The value of urban trees is why both Auckland Council, through its Urban Ngahere Strategy, and the Department of Conservation, with its stretch goal to connect 90% of New Zealanders to nature, are encouraging more trees in the urban environment.
But of course there can’t be treeconomics without tree inequality. That’s why Auckland Council aims to increase tree coverage across the city by up to 30%. In some of our lower socio-economic areas, canopy cover is now sitting closer to 10% (the leafy Waitakere ranges boast 74%).
One of the key principles of the Urban Ngahere Strategy is the “right tree in the right place”. While this has wider meaning in terms of good site selection to enable healthy trees to establish themselves, it also recognises that in our urban environment a well-intentioned but ill-considered tree may impact on what’s around it – roads, buildings and infrastructure – as it grows.
In some parts of Auckland Vector is having to deal with this sort of legacy, with some trees looking great but landing the public with ongoing, long-lasting maintenance costs to keep the lines clear from trees.
Enter the Vector Urban Forest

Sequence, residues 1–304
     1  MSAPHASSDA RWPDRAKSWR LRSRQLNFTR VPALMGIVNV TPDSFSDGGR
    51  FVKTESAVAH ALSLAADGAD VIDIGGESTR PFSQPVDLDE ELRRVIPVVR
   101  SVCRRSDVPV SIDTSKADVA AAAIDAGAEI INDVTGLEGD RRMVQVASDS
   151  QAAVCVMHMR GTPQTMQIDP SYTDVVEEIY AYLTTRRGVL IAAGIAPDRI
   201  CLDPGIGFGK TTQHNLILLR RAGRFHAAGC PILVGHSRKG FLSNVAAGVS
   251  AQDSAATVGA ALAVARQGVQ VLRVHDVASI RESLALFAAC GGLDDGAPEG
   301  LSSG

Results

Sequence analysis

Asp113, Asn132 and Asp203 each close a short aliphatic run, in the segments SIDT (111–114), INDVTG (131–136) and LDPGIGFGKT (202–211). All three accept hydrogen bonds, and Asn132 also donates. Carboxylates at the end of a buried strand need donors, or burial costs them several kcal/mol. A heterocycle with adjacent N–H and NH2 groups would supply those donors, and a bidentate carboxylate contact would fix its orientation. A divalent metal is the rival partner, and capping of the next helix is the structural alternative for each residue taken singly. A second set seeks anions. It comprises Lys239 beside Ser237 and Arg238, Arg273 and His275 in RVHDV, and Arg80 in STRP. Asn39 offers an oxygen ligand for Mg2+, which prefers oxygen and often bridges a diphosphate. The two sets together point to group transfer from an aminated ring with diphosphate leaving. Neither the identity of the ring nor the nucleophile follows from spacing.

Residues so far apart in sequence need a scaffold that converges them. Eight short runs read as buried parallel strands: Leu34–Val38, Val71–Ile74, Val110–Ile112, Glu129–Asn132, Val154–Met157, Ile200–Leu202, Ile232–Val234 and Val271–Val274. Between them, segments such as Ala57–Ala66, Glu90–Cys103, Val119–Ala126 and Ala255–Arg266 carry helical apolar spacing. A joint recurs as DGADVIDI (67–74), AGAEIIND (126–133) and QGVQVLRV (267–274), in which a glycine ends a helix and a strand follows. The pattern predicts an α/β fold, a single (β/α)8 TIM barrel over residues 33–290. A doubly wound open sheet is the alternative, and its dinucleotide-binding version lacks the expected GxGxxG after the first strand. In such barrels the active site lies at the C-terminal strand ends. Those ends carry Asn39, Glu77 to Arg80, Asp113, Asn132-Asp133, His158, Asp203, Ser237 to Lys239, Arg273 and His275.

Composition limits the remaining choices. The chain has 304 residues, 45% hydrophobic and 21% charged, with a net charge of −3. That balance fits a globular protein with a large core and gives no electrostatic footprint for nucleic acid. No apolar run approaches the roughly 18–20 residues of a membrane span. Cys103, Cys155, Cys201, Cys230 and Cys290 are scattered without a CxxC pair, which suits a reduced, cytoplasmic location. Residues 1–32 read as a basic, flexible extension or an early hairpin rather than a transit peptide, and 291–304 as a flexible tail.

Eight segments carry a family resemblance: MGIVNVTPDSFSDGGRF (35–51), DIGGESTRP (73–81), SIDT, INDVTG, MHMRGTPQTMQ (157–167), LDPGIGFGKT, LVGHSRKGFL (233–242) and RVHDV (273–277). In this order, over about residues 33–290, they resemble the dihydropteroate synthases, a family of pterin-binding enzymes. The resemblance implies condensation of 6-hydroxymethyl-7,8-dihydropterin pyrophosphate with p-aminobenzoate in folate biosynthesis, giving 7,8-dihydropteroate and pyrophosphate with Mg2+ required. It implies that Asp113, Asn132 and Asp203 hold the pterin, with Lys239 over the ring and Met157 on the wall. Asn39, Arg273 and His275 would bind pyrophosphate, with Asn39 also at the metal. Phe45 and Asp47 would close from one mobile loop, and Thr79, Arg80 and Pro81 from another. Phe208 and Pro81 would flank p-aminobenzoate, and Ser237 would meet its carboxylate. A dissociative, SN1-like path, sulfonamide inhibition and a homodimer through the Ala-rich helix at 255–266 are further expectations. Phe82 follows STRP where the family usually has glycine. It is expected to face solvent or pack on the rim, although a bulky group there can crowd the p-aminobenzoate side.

To support the idea of the right tree in the right place, and in recognition of the value society gains from seeing trees as a service, Vector has launched an initiative to plant two native seedlings for every tree that is removed for network management purposes. The new planting will be done as part of urban regeneration schemes, aligned with delivering positive environmental and social outcomes.
The Vector Urban Forest kicked off with a planting day for Vector employees and the local community in Puhinui Reserve.
We’re doing this because, as we’ve identified in our discussion paper Working Together on Resilience, tree management is an area where we believe more can be done to help achieve better power network resilience.
Companies like Vector, government (through regulation), and consumers all have a role to play in improving tree management, and the Vector Urban Forest is our attempt to influence change across these stakeholder groups.
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As we work through our existing tree management programme, when we issue people with ‘cut or trim’ notices (the formal notification that there’s a tree you’re responsible for that needs attention), we’ll also be telling people that if the tree ends up coming down for network safety and resilience purposes, it will be replaced as part of the Urban Forest.
Ultimately it’s about helping create more sustainable cities and communities. That’s why the Vector Urban Forest has a specific focus on regenerating areas of Auckland that suffer from tree inequality and urgently need more trees to be planted.
We hope this will get people thinking about how we can be a bit smarter about where we put our trees, to make the city not just more resilient in the face of storms, but a better place to live overall.